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Extra Extra Monday: Student housing deaths, phantom workers, treatment of the terminally ill
Shadow Campus: A house jammed with students, a life of promise lost | The Boston Globe
Boston, defined in large measure by the students who flock to it, allows these eager newcomers to be put at risk in overcrowded houses that serve as shoddy substitutes for modern dorms. Such illegal overcrowding is rampant in student neighborhoods, a Globe Spotlight Team investigation found, a health and safety hazard virtually ignored by city inspectors and exacerbated by local universities that have in recent years, admitted many more students than they can house.
Terminal neglect? How some hospices decline to treat the dying | The Washington Post
For more than a million patients every year, the burgeoning U.S. hospice industry offers the possibility of a peaceful death, typically at home.
But that promise depends upon patients getting the medical attention they need in a crisis, and hundreds of hospices provide very little care to such patients, a Washington Post investigation has found.
To better understand the quality of services rendered to terminal patients, The Post analyzed the Medicare billing records for more than 2,500 outfits, obtained an internal Medicare tally of nursing care in patients near death and reviewed complaint records at hundreds of hospices.
From death row to freedom: One Tennessee man’s journey | The Tennessean
As state officials makes an unprecedented push to execute prisoners — at least 10 are scheduled to die in the next two years — the implications of Paul House's life story loom over the state's death penalty system. Dozens of appeals of the murder charge against him, in both state and federal courts, failed to free him, even as he maintained his innocence and new technology ripped apart prosecutors' evidence against him.
Police used guise to gain info from Utah vets in sweat lodge feud | Salt Lake Tribune
Police at the Salt Lake City veterans hospital used a "guise" to gain information about a demonstration planned by veterans upset about changes to the hospital’s acclaimed sweat lodge, an email shows.
"VA police, under the guise of a potential participant, contacted one of the individuals listed as an organizer to gain more information," reads a Jan. 31 email from Steven Young, the director of George E. Wahlen Department of Veterans Affairs Medical Center.
Atlanta squandered jobs money: Payments made for phantom workers, useless instruction | Atlanta Journal-Constitution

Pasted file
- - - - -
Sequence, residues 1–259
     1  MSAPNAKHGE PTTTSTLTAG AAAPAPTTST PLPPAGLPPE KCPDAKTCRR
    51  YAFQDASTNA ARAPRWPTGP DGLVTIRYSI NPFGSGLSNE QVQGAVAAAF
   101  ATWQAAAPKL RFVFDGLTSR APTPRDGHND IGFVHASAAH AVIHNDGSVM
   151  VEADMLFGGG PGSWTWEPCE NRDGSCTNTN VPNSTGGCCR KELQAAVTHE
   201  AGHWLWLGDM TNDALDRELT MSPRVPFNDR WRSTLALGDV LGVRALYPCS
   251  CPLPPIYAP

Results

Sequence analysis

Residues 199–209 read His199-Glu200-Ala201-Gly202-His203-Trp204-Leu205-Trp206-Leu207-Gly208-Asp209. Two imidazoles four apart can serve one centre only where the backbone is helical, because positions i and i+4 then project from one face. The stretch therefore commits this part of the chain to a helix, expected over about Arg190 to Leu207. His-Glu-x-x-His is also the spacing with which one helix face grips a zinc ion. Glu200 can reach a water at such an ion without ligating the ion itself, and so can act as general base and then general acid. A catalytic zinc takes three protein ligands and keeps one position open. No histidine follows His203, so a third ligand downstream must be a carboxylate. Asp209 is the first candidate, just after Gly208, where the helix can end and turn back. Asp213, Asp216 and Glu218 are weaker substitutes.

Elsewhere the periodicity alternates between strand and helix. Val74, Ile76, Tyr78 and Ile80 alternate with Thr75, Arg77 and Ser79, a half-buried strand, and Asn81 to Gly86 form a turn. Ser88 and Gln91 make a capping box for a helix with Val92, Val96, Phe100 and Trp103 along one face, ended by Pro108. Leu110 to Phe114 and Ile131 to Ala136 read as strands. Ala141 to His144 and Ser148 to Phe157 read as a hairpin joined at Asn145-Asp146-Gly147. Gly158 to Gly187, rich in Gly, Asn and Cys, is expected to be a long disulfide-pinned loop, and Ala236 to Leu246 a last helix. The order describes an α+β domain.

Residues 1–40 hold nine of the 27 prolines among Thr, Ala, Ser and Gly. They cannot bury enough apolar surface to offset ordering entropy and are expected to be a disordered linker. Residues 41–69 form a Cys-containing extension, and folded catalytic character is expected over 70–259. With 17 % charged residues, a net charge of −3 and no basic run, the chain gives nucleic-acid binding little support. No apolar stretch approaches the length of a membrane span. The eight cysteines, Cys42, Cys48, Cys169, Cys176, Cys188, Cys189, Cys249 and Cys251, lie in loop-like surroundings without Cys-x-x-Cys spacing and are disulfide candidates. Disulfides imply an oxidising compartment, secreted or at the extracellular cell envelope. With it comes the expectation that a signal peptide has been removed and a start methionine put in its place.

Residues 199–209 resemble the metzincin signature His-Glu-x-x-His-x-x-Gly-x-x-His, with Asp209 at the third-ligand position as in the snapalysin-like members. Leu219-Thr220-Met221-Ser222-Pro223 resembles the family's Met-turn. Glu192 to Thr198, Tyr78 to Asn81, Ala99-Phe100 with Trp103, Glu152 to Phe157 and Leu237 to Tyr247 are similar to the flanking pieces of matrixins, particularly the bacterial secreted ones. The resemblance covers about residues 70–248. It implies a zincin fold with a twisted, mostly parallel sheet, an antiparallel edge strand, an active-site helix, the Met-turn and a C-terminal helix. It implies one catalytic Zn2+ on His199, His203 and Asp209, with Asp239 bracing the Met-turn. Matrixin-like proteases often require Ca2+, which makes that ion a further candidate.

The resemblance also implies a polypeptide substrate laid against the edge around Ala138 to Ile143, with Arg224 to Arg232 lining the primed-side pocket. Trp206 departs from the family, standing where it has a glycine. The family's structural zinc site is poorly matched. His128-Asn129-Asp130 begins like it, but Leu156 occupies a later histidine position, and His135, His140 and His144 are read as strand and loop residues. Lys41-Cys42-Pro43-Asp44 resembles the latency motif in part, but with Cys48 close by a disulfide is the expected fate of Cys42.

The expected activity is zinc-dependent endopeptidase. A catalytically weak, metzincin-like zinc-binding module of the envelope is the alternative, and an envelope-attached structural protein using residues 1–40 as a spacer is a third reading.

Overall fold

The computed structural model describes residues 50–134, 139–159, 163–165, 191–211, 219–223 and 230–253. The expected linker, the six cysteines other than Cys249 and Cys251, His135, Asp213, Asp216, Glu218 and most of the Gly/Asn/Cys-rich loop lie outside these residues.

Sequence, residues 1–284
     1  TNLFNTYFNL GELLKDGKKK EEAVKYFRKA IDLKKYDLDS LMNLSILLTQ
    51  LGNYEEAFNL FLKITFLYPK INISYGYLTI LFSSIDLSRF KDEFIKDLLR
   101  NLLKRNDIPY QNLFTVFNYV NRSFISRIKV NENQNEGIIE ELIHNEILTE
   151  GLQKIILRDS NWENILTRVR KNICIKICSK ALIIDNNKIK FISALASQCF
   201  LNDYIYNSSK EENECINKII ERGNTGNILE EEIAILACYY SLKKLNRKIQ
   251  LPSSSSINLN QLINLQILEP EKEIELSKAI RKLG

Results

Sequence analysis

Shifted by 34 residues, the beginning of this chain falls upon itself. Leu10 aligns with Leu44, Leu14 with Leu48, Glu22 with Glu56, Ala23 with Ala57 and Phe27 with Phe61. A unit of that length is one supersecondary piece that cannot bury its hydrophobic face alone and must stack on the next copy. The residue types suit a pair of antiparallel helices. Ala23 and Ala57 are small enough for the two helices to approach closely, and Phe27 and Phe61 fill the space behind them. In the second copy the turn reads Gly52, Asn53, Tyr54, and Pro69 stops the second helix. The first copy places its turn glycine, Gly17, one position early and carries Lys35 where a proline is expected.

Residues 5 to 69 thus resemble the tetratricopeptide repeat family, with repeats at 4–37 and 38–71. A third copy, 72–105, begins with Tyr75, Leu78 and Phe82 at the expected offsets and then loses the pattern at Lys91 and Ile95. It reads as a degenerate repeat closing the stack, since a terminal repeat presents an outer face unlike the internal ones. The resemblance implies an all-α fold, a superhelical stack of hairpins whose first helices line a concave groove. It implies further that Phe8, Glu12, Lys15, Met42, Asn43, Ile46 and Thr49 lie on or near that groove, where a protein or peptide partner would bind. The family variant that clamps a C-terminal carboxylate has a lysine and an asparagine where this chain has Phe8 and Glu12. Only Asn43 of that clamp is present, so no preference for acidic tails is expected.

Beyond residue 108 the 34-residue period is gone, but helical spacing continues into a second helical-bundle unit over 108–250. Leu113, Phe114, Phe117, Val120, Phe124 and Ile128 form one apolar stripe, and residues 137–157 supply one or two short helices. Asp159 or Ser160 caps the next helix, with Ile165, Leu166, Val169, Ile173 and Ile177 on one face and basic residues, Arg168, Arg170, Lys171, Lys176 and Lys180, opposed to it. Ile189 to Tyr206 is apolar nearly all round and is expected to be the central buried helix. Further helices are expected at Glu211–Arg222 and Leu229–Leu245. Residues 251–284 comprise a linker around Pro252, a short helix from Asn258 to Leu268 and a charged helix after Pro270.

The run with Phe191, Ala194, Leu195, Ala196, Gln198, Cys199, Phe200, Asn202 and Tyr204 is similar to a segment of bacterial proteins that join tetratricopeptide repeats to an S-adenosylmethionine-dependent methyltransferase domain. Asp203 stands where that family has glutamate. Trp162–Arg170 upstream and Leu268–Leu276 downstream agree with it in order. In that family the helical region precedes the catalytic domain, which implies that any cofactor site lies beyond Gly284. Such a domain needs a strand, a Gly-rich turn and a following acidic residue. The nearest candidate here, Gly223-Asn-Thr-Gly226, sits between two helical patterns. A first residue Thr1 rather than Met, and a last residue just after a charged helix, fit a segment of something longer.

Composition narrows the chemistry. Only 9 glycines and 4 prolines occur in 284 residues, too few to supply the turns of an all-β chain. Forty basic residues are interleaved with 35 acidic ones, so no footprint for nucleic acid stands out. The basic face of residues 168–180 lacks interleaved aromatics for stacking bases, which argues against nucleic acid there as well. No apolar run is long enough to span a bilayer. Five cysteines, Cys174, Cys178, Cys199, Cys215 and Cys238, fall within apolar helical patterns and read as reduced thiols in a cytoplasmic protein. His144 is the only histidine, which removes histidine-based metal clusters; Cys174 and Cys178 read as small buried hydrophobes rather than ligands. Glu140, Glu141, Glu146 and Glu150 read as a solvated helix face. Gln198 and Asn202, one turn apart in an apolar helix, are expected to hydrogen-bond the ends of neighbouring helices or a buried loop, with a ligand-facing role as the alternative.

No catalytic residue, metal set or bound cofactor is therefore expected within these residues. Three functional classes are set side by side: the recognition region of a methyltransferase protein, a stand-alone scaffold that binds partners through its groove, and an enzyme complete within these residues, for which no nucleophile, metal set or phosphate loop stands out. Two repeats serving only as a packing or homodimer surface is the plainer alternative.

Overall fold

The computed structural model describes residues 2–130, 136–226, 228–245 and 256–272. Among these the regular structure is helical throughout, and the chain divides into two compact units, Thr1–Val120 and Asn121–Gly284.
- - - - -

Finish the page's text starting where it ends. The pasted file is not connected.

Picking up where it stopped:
As Atlantans lost their jobs to the Great Recession, the city’s workforce agency squandered emergency federal grants to retrain them, recklessly paying hundreds of thousands of dollars to companies that billed for phantom workers or token or non-existent training, an Atlanta Journal-Constitution investigation found.
Much of the on-the-job training money ended up in the pockets of companies with ties to city insiders.
Some companies won the grants, which covered up to 90 percent of workers’ wages, for so-called trainees who already had permanent jobs and even advanced degrees. Many supposed participants never knew they were part of a job-training program at all.
Jacobson documents provide details into MCC firing | Northwest Herald (Crystal Lake, IL)
Hebron Village President John Jacobson, for years, had been viewing pornographic photos and videos through his work email and forwarding them during work hours, sometimes to colleagues, before he was fired from McHenry County College in February 2013.
The new details regarding the college’s investigation came from documents obtained by the Northwest Herald last week after the newspaper challenged MCC’s response to a Freedom of Information Act request made in February.
'Dreamers' see double standard in Brewer's license ban | The Arizona Republic
Gov. Jan Brewer made sure that undocumented immigrants who are allowed to stay in the country through President Barack Obama's deferred-action program can't get driver's licenses in Arizona.
But The Arizona Republic found that undocumented immigrants whom the government is actively trying to deport have been able to obtain Arizona driver's licenses in the 20 months since Brewer's executive order. That number could potentially be in the thousands.
Big budgets, little oversight in war zones | The Washington Post
International Relief and Development has received more grants and cooperative agreements from USAID in recent years than any other nonprofit relief and development organization in the nation — $1.9 billion.
In Baghdad and Kabul, companies such as IRD were left to manage hundreds of millions of dollars’ worth of taxpayer-funded programs with little meaningful oversight from USAID, according to interviews with government auditors and former IRD employees familiar with the projects.